Development of the sympathetic nervous system response to endotoxicosis in the rat: importance of non-baroreflex mechanisms in pre-weanlings and adults.

Published

Journal Article

The sympathetic nervous system response to endotoxicosis was studied in the rat at ages before (11-12 days) and after (19-20 days) maturation of the baroreflex and in adults by recording preganglionic impulses during i.v. infusions of endotoxin (S. enteriditis). At all ages, the discharge rate increased before there was any decrease in arterial blood pressure. The magnitude of the increase (65%) was the same in 11-12 days-old and adult rats while 19-20 days-old rats were hyperactive (278% increase). Subsequently, in the hypotensive phase of the endotoxicosis (diastolic pressure decrease 50-60%) there was an additional increase in discharge in the 19-20 days- old rats (43% and in adults (70%) but not in 11-12 days-old rats. The hypotensive discharge rate of the 11-12 days-old rat reached only 20% of the maximum; it reached 80% in the hyperactive 19-20 days-old rat and 65% in adults. At all ages, the elevated hypotensive discharge rate persisted after steady state blood pressure was raised by infusing dextran. The discharge rate was diminished transiently during pressor responses to accelerated infusion or bolus injections of dextran. The conclusions are: (i) endotoxic stimulation of sympathetic outflow is initiated by a non-baroreflex mechanism in adult as well as in pre-weaning rats; (ii) there is added stimulation during hypotension after the baroreflex is mature, but (iii) the non-baroreflex stimulation continues to excite the preganglionic neurons and obtunds baroreflex feedback inhibition.(ABSTRACT TRUNCATED AT 250 WORDS)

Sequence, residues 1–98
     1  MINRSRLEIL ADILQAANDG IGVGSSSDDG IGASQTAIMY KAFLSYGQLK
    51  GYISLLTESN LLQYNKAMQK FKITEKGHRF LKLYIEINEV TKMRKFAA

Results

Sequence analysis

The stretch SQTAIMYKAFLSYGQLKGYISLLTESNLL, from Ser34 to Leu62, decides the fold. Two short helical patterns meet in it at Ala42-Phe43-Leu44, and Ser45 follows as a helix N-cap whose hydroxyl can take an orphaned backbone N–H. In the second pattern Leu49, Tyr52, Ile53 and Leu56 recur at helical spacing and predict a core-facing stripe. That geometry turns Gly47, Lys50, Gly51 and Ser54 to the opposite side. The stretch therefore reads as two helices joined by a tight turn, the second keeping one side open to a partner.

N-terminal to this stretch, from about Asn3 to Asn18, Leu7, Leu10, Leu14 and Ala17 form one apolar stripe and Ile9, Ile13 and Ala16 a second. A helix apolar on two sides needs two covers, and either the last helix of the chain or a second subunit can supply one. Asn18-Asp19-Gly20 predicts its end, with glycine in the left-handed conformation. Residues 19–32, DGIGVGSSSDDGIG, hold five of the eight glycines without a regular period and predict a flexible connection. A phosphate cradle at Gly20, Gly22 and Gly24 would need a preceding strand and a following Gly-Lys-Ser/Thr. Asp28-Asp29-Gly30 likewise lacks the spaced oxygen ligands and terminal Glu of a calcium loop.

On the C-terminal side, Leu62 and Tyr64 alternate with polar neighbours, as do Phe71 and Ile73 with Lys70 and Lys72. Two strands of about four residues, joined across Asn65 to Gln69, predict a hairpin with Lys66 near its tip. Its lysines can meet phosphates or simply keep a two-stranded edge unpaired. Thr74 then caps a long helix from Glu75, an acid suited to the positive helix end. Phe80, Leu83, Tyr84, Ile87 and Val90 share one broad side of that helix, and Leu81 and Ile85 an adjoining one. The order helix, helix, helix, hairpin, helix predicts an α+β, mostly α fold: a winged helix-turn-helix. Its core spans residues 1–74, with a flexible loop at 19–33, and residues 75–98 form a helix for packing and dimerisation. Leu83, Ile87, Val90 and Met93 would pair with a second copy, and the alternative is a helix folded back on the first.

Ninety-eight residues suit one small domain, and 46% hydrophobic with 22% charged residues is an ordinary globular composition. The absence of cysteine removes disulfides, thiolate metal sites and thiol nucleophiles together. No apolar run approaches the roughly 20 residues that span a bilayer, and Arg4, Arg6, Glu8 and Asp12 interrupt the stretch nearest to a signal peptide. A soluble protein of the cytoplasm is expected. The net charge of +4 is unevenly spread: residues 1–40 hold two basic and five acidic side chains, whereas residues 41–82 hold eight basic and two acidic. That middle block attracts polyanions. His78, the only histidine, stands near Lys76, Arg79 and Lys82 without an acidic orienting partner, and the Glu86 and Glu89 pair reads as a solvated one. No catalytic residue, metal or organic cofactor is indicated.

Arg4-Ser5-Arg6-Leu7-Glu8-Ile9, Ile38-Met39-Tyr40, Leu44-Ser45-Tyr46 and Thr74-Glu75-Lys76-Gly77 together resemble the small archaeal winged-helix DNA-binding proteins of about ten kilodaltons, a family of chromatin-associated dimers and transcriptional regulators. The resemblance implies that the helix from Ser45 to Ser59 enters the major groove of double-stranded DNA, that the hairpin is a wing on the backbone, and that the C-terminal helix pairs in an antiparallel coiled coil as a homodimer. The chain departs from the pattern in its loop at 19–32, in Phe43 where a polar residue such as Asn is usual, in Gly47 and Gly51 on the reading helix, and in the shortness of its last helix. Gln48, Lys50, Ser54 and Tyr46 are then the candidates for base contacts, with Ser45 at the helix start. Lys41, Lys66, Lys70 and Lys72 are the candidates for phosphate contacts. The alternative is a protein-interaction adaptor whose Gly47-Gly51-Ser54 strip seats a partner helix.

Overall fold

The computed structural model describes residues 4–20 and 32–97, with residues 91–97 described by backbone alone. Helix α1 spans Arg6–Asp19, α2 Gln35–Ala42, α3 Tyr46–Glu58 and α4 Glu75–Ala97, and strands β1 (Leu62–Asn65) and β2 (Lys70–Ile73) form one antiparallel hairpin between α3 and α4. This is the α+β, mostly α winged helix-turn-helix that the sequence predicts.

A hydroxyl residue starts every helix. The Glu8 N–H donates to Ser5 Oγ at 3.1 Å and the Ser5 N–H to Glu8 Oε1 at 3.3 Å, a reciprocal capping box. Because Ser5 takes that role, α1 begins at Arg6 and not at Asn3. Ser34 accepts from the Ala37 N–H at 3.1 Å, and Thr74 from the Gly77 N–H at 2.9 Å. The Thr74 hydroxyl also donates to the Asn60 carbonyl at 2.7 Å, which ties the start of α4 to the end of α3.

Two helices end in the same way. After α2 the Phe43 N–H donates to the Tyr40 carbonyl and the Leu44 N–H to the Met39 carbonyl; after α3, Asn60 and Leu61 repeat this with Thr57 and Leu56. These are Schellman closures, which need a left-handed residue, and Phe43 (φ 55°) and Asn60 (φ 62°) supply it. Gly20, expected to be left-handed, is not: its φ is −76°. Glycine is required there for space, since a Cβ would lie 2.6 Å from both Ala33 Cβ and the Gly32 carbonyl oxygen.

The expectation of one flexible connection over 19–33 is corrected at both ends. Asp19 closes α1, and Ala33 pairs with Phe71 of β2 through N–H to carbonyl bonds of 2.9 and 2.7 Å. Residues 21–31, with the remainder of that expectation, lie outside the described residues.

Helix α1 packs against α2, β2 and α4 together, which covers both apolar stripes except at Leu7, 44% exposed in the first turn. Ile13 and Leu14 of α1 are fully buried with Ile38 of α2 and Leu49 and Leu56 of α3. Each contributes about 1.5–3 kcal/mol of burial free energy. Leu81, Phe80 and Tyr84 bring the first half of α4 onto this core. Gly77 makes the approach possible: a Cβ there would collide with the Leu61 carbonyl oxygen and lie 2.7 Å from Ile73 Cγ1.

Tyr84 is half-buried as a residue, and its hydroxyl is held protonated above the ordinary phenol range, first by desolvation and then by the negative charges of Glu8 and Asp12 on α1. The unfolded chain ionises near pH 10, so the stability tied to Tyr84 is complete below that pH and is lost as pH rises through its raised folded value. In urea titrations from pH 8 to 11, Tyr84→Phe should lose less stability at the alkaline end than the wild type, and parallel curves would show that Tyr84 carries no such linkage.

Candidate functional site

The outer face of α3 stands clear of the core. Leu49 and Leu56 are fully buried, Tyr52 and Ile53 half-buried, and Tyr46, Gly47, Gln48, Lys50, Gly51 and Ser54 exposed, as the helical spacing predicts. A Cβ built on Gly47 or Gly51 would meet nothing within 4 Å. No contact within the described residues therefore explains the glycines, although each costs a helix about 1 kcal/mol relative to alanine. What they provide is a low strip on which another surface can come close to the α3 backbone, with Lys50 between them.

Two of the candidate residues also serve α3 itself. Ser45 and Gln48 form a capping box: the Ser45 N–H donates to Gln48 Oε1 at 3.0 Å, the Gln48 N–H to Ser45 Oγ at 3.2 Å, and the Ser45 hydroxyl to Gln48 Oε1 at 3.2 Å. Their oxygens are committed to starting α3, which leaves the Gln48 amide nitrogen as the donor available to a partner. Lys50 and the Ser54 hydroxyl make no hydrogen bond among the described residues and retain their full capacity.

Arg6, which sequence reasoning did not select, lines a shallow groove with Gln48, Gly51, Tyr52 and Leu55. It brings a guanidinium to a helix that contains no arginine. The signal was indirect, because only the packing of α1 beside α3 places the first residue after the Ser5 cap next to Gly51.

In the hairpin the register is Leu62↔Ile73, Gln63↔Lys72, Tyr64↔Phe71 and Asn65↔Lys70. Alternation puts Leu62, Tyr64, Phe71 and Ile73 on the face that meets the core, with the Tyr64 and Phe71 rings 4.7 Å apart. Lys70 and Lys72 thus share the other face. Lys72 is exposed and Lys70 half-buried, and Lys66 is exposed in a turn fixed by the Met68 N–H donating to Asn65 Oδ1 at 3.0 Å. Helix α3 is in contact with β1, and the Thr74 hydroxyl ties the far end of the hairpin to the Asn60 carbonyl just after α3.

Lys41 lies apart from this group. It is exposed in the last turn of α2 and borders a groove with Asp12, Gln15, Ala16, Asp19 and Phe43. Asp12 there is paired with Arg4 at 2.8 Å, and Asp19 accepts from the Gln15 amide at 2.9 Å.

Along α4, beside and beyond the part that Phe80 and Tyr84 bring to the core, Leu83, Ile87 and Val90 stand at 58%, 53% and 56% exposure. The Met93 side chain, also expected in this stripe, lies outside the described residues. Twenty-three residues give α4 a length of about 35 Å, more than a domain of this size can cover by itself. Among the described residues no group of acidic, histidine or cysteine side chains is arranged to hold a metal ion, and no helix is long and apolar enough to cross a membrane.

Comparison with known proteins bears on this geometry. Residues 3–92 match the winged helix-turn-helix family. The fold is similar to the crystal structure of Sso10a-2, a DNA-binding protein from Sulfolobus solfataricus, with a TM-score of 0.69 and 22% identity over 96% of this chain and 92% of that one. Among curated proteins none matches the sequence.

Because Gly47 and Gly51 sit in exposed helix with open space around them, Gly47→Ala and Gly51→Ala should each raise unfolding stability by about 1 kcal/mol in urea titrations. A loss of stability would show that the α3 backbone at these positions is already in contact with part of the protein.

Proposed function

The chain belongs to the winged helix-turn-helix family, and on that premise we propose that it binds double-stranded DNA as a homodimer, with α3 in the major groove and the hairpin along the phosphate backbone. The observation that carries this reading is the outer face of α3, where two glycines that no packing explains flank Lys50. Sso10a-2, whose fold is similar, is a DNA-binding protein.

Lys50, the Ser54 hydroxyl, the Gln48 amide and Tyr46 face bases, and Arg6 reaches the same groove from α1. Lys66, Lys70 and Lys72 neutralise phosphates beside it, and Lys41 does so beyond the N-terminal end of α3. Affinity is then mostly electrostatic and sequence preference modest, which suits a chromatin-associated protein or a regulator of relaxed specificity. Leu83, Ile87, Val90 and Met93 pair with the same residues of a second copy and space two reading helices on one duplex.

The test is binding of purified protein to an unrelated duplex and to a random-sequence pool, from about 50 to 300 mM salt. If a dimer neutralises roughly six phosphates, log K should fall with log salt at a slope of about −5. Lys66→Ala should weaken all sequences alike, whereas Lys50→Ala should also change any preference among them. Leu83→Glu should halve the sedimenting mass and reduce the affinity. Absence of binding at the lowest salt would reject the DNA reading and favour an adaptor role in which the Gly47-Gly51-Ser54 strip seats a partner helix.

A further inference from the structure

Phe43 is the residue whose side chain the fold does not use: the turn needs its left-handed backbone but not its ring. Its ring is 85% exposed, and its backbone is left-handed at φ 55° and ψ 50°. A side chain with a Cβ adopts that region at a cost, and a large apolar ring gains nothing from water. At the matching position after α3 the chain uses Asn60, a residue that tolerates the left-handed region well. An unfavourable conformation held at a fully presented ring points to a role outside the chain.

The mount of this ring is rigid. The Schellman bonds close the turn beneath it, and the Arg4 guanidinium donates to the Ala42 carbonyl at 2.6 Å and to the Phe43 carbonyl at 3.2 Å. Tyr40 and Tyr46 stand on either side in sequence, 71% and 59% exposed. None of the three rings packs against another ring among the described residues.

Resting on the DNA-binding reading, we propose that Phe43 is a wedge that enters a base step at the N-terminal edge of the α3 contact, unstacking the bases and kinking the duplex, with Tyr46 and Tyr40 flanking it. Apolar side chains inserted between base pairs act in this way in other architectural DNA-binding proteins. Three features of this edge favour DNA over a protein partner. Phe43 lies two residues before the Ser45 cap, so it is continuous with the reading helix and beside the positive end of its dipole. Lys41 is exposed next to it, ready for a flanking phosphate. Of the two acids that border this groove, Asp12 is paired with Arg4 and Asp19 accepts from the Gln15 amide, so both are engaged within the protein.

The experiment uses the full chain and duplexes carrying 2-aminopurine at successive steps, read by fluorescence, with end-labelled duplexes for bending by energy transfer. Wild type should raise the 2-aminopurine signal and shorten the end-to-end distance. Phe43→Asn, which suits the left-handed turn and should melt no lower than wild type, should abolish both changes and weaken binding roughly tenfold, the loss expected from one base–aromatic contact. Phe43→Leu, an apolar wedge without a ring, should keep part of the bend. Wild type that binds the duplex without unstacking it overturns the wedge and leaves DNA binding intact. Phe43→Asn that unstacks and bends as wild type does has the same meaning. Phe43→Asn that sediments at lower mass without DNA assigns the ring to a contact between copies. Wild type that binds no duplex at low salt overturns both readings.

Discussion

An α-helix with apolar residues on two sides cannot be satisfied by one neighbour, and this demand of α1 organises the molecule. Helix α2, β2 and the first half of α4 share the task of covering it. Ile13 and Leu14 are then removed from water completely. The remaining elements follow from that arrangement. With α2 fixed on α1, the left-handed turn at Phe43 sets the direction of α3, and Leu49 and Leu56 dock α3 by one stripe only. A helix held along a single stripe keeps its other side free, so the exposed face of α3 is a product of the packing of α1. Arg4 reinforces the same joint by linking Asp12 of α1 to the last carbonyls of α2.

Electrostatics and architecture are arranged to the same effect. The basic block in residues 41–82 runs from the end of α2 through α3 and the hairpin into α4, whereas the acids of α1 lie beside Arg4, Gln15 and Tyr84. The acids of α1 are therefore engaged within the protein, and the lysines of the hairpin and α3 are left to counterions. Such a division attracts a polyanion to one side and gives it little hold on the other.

Full Text

Duke Authors

Cited Authors

  • Mills, E

Published Date

  • February 1990

Published In

Volume / Issue

  • 13 / 2

Start / End Page

  • 99 - 103

PubMed ID

  • 1704389

Pubmed Central ID

  • 1704389

International Standard Serial Number (ISSN)

  • 0141-9846

Language

  • eng

Conference Location

  • England